Detroit’s decade of growth has been separate and unequal, new study finds
The average value of homes owned by white Detroiters is $46,000 more than Black-owned homes and $39,000 higher than those owned by Latinos, a new study by Detroit Future City finds.
Click here to download Detroit Future City’s 104- page report on “The State of Economic Equity in Detroit.” (Provided by Detroit Future City)
That’s just one of the stark gaps that have emerged between white people and Black and Latino residents in Detroit, according to the report titled “The State of Economic Equity in Detroit.”
The study takes a comprehensive look at the city from 2010 to 2019, a period that saw billions in investment and the rise of a shiny new sports arena, new upscale housing and tony restaurants.
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But the signs of prosperity belie the growing disparity between white residents and everyone else in this majority Black city. Generally, it’s African Americans who lost the most ground in the last decade, the study finds. Black people make up 78 percent of the city’s population, white people represent 15 percent, and Latinos 8 percent, according to latest Census estimates.
The data gives context to the raging “two Detroits” debate: that policies focused too much on giving tax breaks for downtown projects and new housing where rent is too expensive for most residents. Meanwhile, neighborhoods and longtime Detroiters grappled with mass tax foreclosures, prohibitive lending practices and inadequate public transit.
Even after a decade of an overall healthy economy, the differences between such things as life expectancy, access to quality education, jobs, home mortgages and business loans often grew wider in Detroit among racial and ethnic groups.
The 104-page study should be used to press for major reforms in policies at the federal, state and city level, said Anika Goss, executive director of Detroit Future City. The nonprofit is a think tank focused on Detroit land use and economic development. Goss also is one of the authors of the study.
The good news is many institutions are already looking at policy changes and, in some cases, putting them into practice, Goss said.
The study is meant to be a baseline of data so that people can understand the impact of policies that create dangerous imbalances among racial and ethnic groups.
The data shows many Black and Latino residents are still dealing with the results of past policies, as well as current practices perpetuating the former imbalances.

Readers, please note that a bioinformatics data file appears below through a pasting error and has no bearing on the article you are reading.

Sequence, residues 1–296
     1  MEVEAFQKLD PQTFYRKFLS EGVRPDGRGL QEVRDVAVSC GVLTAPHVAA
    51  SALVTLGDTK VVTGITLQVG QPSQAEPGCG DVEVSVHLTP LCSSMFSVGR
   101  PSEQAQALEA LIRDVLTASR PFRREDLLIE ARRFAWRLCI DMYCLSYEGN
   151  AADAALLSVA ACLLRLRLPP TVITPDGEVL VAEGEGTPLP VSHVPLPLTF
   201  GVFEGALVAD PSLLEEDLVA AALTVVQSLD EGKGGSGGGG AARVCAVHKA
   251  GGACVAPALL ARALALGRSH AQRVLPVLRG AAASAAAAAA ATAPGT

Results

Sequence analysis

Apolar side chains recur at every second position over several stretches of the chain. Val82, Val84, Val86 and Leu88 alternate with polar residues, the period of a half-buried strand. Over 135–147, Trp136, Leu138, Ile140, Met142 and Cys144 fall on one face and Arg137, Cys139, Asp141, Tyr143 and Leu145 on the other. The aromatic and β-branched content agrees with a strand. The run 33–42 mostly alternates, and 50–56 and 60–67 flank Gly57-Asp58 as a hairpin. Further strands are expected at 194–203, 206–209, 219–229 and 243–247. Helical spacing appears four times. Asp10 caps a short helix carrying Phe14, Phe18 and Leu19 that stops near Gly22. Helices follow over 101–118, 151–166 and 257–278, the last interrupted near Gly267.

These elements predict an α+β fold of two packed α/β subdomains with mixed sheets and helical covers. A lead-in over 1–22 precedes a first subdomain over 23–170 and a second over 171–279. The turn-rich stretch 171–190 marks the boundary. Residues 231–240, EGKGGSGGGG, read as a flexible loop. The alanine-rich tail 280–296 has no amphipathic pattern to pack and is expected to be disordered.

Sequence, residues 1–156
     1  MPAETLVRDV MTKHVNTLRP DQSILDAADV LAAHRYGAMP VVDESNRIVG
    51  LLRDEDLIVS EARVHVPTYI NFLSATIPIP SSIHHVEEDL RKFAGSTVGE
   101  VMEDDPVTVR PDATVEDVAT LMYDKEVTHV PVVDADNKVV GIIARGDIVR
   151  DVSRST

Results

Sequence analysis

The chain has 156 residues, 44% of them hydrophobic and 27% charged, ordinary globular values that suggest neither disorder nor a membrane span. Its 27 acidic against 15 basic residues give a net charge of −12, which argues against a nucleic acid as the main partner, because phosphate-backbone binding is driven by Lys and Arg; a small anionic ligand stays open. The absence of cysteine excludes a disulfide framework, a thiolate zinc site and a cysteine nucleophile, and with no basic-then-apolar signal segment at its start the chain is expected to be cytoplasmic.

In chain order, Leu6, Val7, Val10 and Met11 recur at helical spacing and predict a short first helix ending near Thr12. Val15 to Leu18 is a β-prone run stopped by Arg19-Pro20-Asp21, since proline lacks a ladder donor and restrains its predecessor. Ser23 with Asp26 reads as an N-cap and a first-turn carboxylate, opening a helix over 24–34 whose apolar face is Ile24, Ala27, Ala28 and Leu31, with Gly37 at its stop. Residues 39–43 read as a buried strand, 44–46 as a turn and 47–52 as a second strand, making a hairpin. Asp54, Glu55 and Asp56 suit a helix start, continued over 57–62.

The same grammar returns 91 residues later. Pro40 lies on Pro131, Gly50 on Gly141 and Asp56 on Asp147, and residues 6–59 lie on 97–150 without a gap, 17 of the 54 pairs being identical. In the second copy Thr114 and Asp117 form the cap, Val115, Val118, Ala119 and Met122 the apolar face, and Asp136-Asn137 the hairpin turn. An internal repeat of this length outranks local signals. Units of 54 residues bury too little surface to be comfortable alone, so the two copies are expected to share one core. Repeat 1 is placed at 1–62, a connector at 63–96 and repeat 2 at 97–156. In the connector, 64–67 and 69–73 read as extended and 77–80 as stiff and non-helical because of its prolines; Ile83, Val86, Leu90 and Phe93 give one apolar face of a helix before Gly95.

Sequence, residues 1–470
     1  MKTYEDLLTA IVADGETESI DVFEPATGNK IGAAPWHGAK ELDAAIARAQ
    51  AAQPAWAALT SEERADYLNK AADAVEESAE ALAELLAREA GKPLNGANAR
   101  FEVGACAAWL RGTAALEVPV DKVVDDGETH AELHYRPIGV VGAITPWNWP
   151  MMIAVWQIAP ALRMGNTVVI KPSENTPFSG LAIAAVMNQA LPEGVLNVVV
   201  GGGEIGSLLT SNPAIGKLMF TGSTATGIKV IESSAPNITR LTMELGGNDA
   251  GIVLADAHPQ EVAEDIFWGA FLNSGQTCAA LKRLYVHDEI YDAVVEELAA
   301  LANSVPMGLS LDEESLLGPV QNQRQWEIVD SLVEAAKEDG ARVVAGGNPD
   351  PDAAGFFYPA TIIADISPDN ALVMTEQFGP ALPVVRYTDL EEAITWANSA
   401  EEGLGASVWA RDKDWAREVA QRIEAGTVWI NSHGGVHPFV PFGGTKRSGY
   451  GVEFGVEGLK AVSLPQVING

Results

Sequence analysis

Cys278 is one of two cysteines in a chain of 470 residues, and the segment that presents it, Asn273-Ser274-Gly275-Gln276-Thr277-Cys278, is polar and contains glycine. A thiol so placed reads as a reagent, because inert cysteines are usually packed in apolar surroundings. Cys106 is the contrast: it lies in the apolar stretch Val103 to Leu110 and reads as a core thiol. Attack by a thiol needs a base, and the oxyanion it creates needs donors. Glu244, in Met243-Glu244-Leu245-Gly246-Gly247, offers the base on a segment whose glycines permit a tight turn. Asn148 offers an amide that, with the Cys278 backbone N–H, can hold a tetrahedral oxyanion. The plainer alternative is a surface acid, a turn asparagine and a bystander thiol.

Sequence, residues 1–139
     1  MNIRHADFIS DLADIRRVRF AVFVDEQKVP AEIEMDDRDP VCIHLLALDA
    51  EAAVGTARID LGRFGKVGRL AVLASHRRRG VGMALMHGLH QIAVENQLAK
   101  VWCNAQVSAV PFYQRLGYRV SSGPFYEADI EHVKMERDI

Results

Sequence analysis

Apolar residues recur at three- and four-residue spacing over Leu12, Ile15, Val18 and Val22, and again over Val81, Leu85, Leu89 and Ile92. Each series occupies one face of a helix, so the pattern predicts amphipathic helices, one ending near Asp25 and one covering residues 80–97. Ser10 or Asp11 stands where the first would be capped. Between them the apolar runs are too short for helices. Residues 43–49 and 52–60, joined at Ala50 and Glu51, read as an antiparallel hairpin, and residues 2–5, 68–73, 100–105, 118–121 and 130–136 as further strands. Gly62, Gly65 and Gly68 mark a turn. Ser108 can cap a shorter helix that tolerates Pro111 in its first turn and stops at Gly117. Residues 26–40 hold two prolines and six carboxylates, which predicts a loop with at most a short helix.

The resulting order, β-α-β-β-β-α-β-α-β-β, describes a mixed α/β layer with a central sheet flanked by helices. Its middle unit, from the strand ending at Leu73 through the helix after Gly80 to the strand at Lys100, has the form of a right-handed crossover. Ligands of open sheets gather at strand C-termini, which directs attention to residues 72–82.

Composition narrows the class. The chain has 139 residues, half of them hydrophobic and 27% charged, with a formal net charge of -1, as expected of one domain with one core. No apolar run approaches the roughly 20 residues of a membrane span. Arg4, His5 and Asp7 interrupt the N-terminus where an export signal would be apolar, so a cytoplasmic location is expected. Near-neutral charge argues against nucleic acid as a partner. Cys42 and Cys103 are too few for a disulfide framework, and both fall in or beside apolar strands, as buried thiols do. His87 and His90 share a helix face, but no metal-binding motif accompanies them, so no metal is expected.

“I truly believe that you can’t really have a conversation around…race and ethnicity equity until you are talking about money," Goss said. "So, I want to know where the money is going, who is benefitting, how is Detroit is growing, and can everyone benefit from Detroit’s growth and future prosperity?”
“The limitation of wealth, the inhibited practices to build small businesses, the inability to access mortgages — all of those things are a direct result of former discriminatory practices” that have not been remedied, Goss said.
The city’s new prosperity is also creating a more segregated city, racially and economically. In 2015, the median household incomes between all races and ethnicities in Detroit was fairly equal, the study finds. But starting in 2017, the number of white residents with higher incomes in the city began to rise significantly compared to African Americans and Latinos.
In 2010, white people made up 10 percent of Detroit’s population. The latest estimate is that they now make up at least 15 percent of the city — the first significant increase in the white population since 1950. That helped create new middle-class enclaves downtown and Corktown on the Southwest side; Indian Village on the Eastside and Rosedale Park in Northwest, the report finds.
Simultaneously, there’s been an exodus of Black middle-class Detroiters. It’s resulted in a sharp overall decline of middle-class neighborhoods citywide. Only 5 percent of residents now live in a neighborhood where more than half of households have a median income ranging from $52,500 to $197,000.
The city had 11 neighborhoods that could be defined as middle class in 2019, the report finds. That’s half the number of middle-class neighborhoods the city had in 2010.
Many financial institutions and policymakers appear willing to address these disparities, Goss said. She hopes the study will broaden the discussion for many Detroiters.
“If we are in this moment in time where people want to create change, then we should take advantage of it,” she said. “There are all kinds of opportunities.”
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